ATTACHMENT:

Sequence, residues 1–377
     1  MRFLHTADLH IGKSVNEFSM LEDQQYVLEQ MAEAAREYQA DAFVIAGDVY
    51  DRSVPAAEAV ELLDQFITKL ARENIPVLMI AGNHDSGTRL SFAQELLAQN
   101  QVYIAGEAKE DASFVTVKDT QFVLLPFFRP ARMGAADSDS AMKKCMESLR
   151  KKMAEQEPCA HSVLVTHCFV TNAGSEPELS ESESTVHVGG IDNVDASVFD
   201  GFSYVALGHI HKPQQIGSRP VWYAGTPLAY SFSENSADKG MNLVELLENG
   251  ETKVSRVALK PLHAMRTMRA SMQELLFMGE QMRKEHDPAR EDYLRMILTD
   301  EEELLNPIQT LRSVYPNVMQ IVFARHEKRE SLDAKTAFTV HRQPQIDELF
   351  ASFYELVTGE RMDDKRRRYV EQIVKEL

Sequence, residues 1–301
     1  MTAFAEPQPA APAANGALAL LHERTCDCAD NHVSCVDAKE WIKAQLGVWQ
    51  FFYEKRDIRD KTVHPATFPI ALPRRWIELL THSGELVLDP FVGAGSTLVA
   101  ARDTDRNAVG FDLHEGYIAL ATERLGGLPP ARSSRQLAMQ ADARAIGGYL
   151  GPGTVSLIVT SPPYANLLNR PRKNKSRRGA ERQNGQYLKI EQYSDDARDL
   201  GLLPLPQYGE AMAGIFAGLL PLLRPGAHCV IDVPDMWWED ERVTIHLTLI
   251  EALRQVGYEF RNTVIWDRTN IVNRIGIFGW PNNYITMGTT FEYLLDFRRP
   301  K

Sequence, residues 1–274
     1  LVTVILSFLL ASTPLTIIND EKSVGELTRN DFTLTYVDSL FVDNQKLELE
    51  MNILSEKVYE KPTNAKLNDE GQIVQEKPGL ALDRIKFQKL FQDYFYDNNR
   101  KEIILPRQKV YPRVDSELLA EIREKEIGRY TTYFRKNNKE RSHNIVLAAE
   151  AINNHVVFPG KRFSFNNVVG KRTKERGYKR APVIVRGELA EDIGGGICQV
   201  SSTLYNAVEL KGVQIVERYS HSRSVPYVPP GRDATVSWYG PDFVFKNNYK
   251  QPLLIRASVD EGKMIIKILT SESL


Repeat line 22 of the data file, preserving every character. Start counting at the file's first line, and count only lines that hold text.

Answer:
   151  AINNHVVFPG KRFSFNNVVG KRTKERGYKR APVIVRGELA EDIGGGICQV